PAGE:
I quickly found that in becoming a landlord, I immediately boarded the roller-coaster of different experiences. I’ve had amazing tenants and I’ve had dreadful ones. Before I started, I was bombarded by people trying to advise me against it. They threw generalizations at me about tenants not paying rent, trashing my house and calling me at 2am because they’ve clogged the toilet. In my short years as a landlord I have made a lot of mistakes and had some horrendous people rent from me. However, I’ve also had some brilliant ones and I assure you, I’ve not once unclogged a toilet at 2am! Being a good landlord is all about establishing a relationship with your tenants. If the people renting from you are used to terrible landlords they will automatically assume the same will come from you. For this reason, I have compiled a list of my 10 top tips on getting good at the landlord game:
Be ruthless with your policies
No successful business was ever run on thin air and being a landlord is exactly the same game. Tenants quickly catch onto inconsistencies and you can end up in a lot of hassle if you’ve made up rules as you go. I’ve found that the easiest way to establish a good working relationship with your tenants is by a written policy given at the start of the contract.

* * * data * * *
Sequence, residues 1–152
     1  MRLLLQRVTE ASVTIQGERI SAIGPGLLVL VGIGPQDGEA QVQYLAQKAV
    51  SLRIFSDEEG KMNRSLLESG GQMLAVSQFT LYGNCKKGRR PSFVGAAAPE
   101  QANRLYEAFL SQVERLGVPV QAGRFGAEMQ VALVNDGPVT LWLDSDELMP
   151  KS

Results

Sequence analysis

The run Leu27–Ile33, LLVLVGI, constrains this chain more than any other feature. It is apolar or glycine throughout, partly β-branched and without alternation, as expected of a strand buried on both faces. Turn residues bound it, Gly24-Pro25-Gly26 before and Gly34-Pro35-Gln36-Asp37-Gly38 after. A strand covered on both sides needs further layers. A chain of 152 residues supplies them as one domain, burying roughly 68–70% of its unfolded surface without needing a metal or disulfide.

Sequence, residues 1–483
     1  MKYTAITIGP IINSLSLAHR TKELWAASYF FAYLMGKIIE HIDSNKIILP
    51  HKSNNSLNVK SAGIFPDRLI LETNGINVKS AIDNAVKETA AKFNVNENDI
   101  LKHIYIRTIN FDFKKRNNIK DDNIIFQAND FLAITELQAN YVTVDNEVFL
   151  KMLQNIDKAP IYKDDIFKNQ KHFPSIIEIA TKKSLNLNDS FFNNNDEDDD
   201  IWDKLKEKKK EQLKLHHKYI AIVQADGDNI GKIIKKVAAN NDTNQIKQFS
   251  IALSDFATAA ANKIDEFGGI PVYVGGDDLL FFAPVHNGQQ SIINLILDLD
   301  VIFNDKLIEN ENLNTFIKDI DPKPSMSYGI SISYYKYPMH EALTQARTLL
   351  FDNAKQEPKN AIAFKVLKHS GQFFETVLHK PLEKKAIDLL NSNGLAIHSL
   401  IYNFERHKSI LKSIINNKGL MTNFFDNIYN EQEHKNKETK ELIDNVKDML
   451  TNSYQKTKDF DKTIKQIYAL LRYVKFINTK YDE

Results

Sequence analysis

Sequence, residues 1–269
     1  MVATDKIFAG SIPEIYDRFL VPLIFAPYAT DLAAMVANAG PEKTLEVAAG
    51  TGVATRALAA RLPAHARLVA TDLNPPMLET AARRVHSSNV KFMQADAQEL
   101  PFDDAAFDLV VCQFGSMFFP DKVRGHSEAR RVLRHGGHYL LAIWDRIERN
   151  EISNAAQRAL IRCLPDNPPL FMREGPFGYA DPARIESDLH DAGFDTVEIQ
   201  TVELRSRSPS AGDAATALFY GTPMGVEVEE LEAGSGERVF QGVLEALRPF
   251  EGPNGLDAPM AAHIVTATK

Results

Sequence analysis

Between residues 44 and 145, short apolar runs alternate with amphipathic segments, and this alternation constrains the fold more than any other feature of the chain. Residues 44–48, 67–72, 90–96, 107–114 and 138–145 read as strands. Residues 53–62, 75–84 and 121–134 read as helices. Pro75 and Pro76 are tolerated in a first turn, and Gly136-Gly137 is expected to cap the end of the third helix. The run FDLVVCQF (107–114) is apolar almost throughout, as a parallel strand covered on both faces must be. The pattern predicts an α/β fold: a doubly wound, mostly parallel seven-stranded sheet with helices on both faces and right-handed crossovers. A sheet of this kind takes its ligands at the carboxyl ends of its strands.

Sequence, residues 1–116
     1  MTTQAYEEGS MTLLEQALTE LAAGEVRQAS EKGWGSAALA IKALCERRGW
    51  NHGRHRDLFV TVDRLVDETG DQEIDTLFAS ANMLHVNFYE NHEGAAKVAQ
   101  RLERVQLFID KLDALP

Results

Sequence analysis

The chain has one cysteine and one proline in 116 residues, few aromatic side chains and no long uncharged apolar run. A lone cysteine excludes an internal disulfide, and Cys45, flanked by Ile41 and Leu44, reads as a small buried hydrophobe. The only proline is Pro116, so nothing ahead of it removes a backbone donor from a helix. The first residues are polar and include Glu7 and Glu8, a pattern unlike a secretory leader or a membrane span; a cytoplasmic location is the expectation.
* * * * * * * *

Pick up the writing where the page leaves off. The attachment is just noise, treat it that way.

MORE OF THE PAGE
Invest in quality
If you invest in the quality of services you’re providing then this can only benefit both sides. This will never be a rule you can stick to at any given time and I’m by no means saying you should be replacing cream carpets every time someone has a wine spillage but the standard of upkeep on your property will only have a positive effect on the standard of tenant you attract. I find that prompt repairs and replacements when reasonable is a worthy long term investment!
Give yourself office hours
I mentioned earlier that I have not in my time unclogged a toilet at 2am in all my time as a landlord. That is a result of office hours made clear in the written policy that must be strictly abided by. If there is an emergency then tenants can leave a message and it is up to you to decide whether it is dealt with immediately or whether it can wait until the next working day.